DEAR MARY ANN: I work with a woman who spends her weekends clothes shopping. When she likes a co-worker's outfit, she asks where it was purchased and buys the same outfit. It has become the office joke and no one tells her where they buy their clothes. When she comments on my clothes, I ask her not to buy the same or similar outfit. Today we look like twins and I'm irritated as this happens too often. Any advice on what I should do, or is it a free world and I have to let it go?
DEAR FRUSTRATED: The clothes clone wants to be like you and your co-workers. The culture of an office does reinforce patterns of style and lends itself to identifying and experimenting with fashion trends. Copying a new way to tie or wear a scarf is an example of how friends influence what we wear. It sounds like this woman, however, has an advanced case of copycat behavior that borders on fashion identity theft.
Retailers use mass marketing and advertising to promote fashion ideas. Even though similar cutting edge garments are in many of the shops each season, it is tactless and brash to deliberately purchase the same attire as co-workers. Remind yourself that while the weekend shopper spends time and money trying to mimic your outfits, she will never truly capture your style. When you are next asked where you bought something, exaggerate your answer and with a wink and a smile simply say "Paris" and then get back to work.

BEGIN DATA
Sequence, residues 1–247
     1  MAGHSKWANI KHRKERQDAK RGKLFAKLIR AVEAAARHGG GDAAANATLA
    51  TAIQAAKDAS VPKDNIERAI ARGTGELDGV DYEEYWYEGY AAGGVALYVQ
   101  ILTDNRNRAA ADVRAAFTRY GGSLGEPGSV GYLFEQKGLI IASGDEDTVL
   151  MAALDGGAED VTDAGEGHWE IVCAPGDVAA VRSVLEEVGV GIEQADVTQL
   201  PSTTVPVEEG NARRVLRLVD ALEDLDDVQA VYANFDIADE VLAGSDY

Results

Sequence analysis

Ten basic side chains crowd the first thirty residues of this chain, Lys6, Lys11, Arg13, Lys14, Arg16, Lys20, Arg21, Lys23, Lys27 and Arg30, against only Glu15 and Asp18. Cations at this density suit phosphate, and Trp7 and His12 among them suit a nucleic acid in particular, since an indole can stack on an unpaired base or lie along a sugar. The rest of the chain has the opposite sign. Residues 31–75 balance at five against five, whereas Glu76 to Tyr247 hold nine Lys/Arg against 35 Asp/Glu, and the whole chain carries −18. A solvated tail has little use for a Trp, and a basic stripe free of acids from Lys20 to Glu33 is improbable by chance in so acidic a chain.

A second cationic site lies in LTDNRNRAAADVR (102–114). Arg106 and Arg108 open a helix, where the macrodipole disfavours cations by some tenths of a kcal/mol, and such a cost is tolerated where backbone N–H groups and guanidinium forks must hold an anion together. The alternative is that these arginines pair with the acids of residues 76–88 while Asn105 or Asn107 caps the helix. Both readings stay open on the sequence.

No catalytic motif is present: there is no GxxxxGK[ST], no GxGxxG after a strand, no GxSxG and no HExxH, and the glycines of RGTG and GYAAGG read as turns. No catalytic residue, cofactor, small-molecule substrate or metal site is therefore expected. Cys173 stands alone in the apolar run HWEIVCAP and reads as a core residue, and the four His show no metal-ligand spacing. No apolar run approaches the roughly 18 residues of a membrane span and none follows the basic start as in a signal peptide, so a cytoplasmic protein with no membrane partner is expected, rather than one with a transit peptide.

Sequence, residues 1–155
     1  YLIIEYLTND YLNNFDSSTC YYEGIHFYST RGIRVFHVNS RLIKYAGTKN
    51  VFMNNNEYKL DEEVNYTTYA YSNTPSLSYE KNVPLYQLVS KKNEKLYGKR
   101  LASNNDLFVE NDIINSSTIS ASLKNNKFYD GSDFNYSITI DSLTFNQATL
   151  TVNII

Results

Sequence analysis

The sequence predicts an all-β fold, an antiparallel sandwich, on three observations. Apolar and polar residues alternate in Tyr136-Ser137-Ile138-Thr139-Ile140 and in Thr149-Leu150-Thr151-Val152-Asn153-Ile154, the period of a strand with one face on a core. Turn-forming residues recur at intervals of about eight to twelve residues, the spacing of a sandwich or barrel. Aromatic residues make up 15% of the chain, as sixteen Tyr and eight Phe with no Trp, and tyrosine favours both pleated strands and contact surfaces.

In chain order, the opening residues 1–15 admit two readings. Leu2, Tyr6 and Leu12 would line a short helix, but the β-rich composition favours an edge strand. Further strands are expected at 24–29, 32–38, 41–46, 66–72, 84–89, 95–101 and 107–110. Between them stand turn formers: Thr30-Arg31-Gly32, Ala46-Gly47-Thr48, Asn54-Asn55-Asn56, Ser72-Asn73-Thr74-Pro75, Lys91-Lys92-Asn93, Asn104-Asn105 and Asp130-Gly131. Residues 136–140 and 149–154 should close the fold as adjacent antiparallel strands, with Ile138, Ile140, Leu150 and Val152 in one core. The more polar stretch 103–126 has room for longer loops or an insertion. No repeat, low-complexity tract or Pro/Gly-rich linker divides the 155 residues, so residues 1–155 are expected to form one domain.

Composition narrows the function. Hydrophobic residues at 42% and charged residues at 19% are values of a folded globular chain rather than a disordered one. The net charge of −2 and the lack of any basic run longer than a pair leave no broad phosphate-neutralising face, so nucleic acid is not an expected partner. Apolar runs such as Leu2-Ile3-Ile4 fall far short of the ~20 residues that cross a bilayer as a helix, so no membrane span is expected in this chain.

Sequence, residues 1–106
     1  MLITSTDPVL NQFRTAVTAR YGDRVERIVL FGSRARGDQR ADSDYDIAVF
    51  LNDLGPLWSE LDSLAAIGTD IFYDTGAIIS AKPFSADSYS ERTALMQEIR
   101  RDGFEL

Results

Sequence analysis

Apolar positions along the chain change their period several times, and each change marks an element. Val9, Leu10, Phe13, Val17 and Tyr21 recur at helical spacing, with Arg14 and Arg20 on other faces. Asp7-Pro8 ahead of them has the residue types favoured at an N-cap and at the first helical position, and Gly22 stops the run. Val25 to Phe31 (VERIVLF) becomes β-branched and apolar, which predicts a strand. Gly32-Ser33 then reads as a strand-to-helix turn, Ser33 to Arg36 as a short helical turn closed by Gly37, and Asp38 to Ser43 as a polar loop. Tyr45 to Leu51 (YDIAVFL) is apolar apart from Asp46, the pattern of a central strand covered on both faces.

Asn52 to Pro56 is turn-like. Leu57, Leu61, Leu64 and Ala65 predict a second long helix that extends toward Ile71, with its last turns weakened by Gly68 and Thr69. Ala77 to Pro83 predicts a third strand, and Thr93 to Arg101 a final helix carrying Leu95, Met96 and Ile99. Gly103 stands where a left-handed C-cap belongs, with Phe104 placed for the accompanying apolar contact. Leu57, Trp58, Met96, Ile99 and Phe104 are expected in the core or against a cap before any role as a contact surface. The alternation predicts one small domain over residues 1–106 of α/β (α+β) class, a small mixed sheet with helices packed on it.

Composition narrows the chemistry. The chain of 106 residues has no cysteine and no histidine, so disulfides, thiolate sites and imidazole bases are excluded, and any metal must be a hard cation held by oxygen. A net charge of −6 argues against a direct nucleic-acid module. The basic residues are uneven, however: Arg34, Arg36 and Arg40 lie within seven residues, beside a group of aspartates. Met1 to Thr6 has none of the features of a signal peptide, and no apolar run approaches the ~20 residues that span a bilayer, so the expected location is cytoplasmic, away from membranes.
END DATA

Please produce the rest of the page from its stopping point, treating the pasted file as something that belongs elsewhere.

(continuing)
DEAR MARY ANN: My friend is having her first baby and says she doesn't want a baby shower. We all want to celebrate with her and give her things she will need. Should be throw a surprise party for her?
-- EAGER PARTY PLANNER
DEAR PARTY PLANNER: Respect your friend's wishes and don't plan a baby shower or surprise her with one. Some women are superstitious about celebrating before their baby is born, while others don't want to be the center of attention as they await the stork's arrival. Giving birth has its own stresses. Don't add pressure by planning a baby shower for a woman who doesn't want one. The baby will receive gifts and things the mom needs without the fuss of a party.
Once the baby is born ask your friend if you can host a welcoming party in the baby's honor. If the mom's response is negative don't suggest any more parties unless you want to have one for yourself.
Need some Steel Advice? Email questions to: firstname.lastname@example.org or write to Mary Ann Wellener, Steel Advice Column, c/o Pittsburgh Post-Gazette, 34 Blvd. of the Allies, Pittsburgh, PA 15222. Follow Mary Ann on Twitter at @PGSteelAdvice.